What is a Witness Subpoena?

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  • Written By: Jessica Ellis
  • Edited By: Bronwyn Harris
  • Last Modified Date: 17 March 2020
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A witness subpoena is a summons that legally requires an individual to appear in court to give evidence or testimony. Subpoenas are often issued in cases when a witness will not voluntarily come forward to testify. Legal proceedings regarding the serving of a subpoena may vary depending on local laws. It is important to ensure that the subpoena is served legally, otherwise the witness may be dismissed or his evidence and testimony could be rendered inadmissible.

A subpoena, or witness summons, must be approved by the court, usually through the court clerk. Attorneys or principal case members such as the defendant, can submit a list of witnesses for approval. The court clerk then fills out a subpoena form which must be served to the witness. A witness subpoena will typically state the date and time of the witness's ordered appearance; failure to appear can result in legal penalties such as fines or even jail time.

If a trial is postponed or delayed, a witness may be given an alternate date of appearance. Even though the date has changed, the witness is still under legal order to appear when requested. In some courts, witnesses can request a witness fee to cover loss of income and travel expenses. The amount of the witness fee varies widely between jurisdictions.


A witness subpoena is often served by an attorney directly to the witness, although some lawyers prefer to hire a service to issue documents to witnesses. In small claims court or cases when an individual is representing him or herself before the court, anyone can deliver an approved witness subpoena with the exception of the defendant or accuser. In these cases, some legal experts recommend bringing a law enforcement agent or lawyer along to ensure that proper practices are followed.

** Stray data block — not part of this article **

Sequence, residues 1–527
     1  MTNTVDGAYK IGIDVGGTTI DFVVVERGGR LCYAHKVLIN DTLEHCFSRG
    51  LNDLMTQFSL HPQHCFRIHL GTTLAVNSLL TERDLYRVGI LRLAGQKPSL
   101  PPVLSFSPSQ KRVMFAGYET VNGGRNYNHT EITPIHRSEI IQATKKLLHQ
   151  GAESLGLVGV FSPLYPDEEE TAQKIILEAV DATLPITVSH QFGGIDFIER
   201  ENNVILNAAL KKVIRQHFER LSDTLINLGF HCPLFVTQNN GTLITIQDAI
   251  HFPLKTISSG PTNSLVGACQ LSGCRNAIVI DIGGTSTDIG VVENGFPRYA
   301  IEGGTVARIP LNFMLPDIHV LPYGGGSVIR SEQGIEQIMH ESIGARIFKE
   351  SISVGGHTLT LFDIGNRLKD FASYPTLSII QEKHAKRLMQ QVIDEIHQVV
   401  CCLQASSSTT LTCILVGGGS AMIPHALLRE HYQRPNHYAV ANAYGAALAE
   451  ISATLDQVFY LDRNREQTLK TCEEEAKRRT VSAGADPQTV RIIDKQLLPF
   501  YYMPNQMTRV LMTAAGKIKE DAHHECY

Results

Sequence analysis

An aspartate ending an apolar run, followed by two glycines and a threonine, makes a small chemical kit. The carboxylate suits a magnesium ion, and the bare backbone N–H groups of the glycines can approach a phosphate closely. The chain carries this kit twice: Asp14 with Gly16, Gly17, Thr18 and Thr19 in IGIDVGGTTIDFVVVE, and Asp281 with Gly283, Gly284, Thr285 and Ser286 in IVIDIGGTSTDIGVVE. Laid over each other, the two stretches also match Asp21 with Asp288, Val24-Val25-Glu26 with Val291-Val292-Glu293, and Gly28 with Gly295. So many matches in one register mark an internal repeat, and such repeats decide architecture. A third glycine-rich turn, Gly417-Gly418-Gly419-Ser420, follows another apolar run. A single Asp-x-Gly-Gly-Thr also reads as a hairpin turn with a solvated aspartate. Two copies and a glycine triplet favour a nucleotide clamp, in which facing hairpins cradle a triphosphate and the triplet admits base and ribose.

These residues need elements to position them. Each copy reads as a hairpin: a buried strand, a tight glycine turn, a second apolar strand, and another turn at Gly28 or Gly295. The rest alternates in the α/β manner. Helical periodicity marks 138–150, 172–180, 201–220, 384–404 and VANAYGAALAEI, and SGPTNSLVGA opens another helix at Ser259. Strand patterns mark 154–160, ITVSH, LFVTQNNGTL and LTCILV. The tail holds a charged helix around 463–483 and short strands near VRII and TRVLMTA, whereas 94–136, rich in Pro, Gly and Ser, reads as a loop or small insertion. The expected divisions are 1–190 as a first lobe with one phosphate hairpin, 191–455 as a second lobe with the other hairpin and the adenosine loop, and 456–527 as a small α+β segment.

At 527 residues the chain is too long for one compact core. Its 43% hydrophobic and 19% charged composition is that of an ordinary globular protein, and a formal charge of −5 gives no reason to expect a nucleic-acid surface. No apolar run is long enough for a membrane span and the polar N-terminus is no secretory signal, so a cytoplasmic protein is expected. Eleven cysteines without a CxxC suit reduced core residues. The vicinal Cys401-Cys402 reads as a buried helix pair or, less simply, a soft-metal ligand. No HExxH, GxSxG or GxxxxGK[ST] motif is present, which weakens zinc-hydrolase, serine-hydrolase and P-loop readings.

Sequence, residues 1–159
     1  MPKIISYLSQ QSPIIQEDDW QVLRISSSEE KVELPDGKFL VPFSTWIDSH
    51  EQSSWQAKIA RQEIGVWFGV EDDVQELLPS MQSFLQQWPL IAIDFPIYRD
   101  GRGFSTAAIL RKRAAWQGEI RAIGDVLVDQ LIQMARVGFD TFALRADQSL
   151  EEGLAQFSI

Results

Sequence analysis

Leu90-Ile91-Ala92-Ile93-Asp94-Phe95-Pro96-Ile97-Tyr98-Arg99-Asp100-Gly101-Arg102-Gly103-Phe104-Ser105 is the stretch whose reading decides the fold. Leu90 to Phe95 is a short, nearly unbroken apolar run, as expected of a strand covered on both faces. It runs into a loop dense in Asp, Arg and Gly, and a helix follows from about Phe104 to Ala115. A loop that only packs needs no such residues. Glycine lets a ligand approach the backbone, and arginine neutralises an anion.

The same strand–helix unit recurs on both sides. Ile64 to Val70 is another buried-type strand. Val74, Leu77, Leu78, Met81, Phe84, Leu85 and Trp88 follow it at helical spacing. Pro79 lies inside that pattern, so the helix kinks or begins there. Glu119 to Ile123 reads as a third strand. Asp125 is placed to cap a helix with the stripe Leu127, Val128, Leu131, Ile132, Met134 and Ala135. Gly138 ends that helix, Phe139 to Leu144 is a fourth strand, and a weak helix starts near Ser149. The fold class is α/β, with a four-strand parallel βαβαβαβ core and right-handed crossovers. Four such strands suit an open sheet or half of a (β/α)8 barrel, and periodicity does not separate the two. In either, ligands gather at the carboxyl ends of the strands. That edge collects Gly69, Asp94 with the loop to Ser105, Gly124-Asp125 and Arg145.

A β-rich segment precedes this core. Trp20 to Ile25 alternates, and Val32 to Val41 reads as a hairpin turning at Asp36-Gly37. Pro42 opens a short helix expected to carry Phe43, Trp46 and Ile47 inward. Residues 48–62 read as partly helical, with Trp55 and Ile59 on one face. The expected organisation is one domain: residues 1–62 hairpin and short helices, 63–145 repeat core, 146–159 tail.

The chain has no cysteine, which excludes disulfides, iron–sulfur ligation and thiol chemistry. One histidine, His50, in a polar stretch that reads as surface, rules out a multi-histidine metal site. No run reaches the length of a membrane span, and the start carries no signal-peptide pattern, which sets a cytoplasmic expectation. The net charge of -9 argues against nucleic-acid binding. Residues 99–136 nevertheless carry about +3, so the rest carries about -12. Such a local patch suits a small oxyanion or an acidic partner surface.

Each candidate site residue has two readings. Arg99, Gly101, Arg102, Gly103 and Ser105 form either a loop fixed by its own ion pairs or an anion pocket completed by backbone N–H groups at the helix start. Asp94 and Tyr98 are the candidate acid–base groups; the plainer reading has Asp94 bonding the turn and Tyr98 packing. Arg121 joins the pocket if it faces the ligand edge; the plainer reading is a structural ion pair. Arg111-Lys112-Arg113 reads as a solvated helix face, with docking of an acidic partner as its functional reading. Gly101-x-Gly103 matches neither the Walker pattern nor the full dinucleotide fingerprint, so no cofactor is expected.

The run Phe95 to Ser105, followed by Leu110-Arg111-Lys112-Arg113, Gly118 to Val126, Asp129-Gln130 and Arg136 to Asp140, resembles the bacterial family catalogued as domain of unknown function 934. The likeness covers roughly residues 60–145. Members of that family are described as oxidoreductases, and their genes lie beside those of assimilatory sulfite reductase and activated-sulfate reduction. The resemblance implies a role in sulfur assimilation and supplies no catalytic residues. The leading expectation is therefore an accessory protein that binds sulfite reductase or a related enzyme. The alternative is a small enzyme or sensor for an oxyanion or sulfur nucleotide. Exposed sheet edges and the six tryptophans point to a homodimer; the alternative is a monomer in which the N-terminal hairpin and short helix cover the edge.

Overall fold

If a witness subpoena is approved for a minor, the document must be served to a parent, guardian, or other adult responsible for the minor. In this case, the person served is typically responsible for ensuring that the minor appears in court at the time specified. If the minor is not brought to court in accordance with the subpoena, the guardian may be held in contempt and charged.

Receiving a witness subpoena does not mean that the witness is charged or suspected of a crime. It simply requires an individual who may possess pertinent information to speak with the court. Naturally, if in the process of trial proceedings it is deemed that a witness committed or helped to commit a crime, charges may be filed. If a witness receives a summons and believes that his or her testimony may result in charges, many legal experts recommend hiring an attorney immediately.


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Post 1

If a lawyer wants to get someone furious at him or her, that attorney should serve up a witness subpoena. What could be more fun than being dragged into court against your will to help resolve a matter that you don't care about one whit?

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